DIG: A Journey Under the Earth's Crust by John & Faith Hubley

DIG: A Journey Under the Earth's Crust

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KIRKUS REVIEW

Dig is an adaptation of the Hubleys' TV film, and knowing this we can't help regretting the absence of sound and animation. Still, qua book, it is impressively inventive and forcefully designed. In script-style dialogue and illustrations that range from dramatic double-page clay colored graphics to black and white frames -- arranged like comic strips eight to a double page, the Hubleys follow Adam and his dog and their guide, a rock named Rocco, down through an excavation into the earth's crust and then through geological time. Adam meets Rocco's Uncle Iggy, Aunt Sadie and Cousin Meta, each of whom comes forth with an autobiographical song (""If you'd rather, call me Meta. I can change from what I am to something betta"") and run into accurately situated dinosaurs, rising mountains, glaciers and an earthquake (""Rocco: It's not my fault. It's the earth's fault. Fault of the earth! heh, heh! A fault is a crack in the crystal rocks!"") before tumbling back into the present. A blast of fresh air for children who unearth Dig in the school library next to all the droningly linear primers that pass for supplementary science texts.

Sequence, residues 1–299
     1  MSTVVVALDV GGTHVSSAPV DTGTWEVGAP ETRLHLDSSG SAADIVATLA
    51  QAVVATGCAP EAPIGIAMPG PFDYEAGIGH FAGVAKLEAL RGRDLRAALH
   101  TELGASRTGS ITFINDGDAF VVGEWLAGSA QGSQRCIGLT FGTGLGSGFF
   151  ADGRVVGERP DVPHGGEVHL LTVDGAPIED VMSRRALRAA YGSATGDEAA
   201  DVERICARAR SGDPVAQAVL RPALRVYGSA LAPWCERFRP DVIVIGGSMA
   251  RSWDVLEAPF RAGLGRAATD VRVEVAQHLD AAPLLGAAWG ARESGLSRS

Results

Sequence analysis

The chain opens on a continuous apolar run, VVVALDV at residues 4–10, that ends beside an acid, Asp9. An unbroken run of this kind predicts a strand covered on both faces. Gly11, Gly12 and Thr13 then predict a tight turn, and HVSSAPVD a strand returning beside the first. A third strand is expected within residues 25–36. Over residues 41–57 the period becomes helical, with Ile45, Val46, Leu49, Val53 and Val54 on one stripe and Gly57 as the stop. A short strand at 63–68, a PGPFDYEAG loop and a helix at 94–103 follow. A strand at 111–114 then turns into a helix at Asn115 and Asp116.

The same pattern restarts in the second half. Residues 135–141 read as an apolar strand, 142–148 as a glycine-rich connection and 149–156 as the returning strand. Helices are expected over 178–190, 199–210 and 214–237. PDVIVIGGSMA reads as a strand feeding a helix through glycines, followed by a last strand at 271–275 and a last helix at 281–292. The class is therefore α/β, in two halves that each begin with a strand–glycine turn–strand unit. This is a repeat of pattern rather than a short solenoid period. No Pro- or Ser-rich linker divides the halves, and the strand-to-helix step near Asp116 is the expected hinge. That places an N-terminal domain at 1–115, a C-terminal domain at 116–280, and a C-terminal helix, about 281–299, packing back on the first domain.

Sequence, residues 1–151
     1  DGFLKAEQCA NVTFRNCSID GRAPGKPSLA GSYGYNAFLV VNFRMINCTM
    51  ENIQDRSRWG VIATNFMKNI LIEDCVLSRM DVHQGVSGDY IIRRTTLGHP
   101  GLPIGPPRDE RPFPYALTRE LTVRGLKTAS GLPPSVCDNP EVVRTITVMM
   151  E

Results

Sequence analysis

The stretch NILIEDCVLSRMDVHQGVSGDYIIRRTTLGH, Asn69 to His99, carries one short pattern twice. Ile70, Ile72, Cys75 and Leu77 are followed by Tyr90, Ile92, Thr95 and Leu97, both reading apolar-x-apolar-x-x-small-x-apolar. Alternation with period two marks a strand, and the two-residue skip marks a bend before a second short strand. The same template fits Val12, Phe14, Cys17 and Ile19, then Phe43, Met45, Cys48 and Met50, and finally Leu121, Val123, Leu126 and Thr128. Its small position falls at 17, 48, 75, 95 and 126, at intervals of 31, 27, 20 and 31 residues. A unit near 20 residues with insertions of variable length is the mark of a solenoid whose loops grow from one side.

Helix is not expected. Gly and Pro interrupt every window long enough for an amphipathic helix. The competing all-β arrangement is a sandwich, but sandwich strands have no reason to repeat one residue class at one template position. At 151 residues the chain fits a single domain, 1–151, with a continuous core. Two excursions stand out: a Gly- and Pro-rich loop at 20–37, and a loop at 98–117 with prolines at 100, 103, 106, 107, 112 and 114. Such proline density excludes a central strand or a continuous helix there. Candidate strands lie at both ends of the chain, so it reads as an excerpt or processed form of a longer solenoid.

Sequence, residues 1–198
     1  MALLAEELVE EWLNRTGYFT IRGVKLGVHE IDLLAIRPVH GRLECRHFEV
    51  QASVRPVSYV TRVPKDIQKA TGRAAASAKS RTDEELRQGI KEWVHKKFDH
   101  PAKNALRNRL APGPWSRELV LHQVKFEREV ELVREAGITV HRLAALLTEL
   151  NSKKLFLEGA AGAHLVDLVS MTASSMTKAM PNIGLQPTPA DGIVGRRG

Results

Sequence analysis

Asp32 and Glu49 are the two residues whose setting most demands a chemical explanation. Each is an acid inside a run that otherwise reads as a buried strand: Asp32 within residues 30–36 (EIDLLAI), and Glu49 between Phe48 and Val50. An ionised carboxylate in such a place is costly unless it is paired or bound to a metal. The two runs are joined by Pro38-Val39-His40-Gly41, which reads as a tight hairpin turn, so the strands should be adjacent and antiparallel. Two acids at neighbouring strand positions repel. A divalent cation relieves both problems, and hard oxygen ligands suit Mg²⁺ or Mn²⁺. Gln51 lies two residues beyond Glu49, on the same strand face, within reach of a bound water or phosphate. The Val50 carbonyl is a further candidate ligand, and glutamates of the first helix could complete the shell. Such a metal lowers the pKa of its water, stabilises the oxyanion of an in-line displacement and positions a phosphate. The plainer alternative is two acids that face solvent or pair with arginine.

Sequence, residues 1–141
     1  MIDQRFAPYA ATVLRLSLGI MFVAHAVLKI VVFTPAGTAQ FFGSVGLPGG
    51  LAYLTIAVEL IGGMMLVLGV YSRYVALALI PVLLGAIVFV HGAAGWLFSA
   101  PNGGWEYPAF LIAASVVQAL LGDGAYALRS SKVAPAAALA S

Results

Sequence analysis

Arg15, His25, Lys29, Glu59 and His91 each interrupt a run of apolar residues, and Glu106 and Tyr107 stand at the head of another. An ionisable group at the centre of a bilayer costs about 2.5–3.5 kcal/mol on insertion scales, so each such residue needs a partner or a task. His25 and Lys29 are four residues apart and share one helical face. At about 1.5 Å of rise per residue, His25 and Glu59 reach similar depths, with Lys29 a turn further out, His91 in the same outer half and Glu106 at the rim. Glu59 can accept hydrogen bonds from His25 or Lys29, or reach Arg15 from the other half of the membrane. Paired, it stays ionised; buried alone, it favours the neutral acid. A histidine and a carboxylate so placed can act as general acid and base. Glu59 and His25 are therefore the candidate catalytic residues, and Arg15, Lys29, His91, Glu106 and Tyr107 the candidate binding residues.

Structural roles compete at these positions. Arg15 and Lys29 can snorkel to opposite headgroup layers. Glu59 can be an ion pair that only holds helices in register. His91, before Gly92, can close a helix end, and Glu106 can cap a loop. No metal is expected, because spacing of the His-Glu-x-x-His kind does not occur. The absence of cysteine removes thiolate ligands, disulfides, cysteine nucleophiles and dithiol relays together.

Pub Date: Aug. 29th, 1973
Publisher: Harcourt Brace Jovanovich